Getting back to work

    Getting back into the workforce is possibly one of the biggest challenges to resuming a normal life for women experiencing domestic violence.

    Those fleeing violence often have to leave behind not only their home and local support network but also their job – for fear the perpetrator who can no longer do it at home will carry on the violence at her place of work.  Often the refuge is far from her own area and keeping her job remains a practical impossibility. Couple this with physical and mental injury and it’s no wonder most women in refuges become estranged from the workplace for long periods.

    To help get their clients back into work Hornsby Ku ring gai Women’s Shelter is this month launching the back to work initiative, Change Your Future, an eight module program kicking off with a session called ‘Why Work? The Benefits of Working, followed by sessions on Boosting Self-confidence and Self-esteem.

    Other areas covered will include resume writing, the best ways to find a job, interview preparation, dressing and grooming for success and managing your finances.

    “The majority of women are not working when they come here,” said program co-ordinator Jenny Alexander. “In fact between 90 and 98% of homeless women in shelters are long-term unemployed –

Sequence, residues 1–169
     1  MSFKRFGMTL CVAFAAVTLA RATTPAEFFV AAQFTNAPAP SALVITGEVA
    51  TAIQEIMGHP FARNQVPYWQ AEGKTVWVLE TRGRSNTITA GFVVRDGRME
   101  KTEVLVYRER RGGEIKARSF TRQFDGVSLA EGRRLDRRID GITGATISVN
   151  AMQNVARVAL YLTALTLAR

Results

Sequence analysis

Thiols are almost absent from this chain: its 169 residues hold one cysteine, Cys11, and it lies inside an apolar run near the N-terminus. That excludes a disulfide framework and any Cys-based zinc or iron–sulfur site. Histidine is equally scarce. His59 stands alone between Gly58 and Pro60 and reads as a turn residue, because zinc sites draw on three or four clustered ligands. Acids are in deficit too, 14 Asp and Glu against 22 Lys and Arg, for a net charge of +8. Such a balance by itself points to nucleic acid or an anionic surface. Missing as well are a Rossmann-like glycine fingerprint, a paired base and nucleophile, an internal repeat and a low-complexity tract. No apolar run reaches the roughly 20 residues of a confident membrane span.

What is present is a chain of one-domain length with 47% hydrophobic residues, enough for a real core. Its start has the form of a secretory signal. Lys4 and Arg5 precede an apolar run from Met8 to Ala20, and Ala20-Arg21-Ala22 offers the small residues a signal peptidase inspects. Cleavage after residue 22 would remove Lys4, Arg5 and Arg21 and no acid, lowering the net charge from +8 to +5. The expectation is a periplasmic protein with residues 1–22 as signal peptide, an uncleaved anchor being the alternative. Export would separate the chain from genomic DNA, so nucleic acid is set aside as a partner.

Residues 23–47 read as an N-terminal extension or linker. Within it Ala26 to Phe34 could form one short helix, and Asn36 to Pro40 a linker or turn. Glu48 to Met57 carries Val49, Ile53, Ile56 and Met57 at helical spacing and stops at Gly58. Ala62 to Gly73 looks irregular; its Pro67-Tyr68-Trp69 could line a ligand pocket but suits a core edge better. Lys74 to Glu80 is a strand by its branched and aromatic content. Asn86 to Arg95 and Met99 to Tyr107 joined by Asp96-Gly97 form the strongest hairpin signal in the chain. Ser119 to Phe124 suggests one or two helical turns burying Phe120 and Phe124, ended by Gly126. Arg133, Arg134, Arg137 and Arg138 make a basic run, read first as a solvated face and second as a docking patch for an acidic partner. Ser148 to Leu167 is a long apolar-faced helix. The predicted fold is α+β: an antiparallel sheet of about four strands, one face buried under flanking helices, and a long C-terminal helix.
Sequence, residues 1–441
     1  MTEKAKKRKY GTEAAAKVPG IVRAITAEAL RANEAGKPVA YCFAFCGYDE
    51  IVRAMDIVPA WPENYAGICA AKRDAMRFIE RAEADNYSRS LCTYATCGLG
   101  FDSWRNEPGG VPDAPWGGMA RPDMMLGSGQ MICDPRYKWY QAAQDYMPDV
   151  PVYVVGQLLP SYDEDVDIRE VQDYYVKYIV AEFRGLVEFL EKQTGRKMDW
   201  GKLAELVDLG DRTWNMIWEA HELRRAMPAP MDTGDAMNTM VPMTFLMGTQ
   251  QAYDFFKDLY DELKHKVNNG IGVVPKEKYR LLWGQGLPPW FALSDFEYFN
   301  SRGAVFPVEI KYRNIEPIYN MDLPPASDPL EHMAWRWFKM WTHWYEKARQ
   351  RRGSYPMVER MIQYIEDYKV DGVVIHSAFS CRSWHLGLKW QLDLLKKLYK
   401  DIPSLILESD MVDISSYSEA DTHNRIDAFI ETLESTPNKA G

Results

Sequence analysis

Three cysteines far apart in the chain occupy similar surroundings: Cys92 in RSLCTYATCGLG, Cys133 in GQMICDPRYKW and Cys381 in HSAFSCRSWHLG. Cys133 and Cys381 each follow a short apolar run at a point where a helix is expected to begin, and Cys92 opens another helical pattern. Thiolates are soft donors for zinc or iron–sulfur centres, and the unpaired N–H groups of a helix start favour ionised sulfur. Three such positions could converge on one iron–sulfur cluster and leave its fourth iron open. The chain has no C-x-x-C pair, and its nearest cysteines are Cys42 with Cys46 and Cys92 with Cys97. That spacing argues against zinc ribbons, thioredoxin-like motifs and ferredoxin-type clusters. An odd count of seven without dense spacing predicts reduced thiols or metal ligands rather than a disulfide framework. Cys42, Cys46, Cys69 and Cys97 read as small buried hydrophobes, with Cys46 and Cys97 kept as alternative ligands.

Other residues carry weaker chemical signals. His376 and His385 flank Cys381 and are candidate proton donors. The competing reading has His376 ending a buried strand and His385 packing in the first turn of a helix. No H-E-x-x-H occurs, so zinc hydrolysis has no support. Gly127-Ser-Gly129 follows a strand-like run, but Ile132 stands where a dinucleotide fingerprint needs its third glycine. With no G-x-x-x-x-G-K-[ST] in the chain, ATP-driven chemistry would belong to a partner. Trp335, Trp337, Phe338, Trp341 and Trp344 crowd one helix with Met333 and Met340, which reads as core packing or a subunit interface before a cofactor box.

the two are interdependent.

    “Coupled with that when they get here they are traumatised and have low self esteem and many aren’t working.

    “Hornsby Ku-ring-gai Women’s Shelters is expanding its objectives to include conducting training programmes specifically directed towards assisting the women in crisis re-enter the workforce and gain full time employment.

    “The programme’s main aim is to overcome the hurdles faced by women in crisis that often create long term unemployment and resultant reliance on the Welfare system.”

    Other modules in the volunteer-run initiative include resume writing, efficient job searching, dressing for success and job interview strategies.

    The local business community has been asked to play its part by supporting the programme. “We’re  seeking suitable community members to be mentors when the women leave the shelter and enter the workforce. And we’d like the support of local businesses to provide work experience to the women which may result in employment in the local community.”

    To date several businesses have come forward to offer mentoring and assistance, including Ronali Mahendra who runs Nextransform HR in Hornsby, a recruiting company for staff working in the accounts sector. “I had a tough journey coming from Sri Lanka 17 years ago as a student and this country has given me the best of everything in life so now I want to give something back.

    “I will be talking to women at the refuge and finding out what skill sets they have, facilitating upskilling and helping find them jobs. Everyone is good at something and if for example, a woman has a great phone manner or accounts receivable skills, we can tailor or enhance these skills, to place them in a good job.”

    *If you’re a local business and would like to offer refuge clients job assistance through mentoring or job offers, please email Jenny Alexander:

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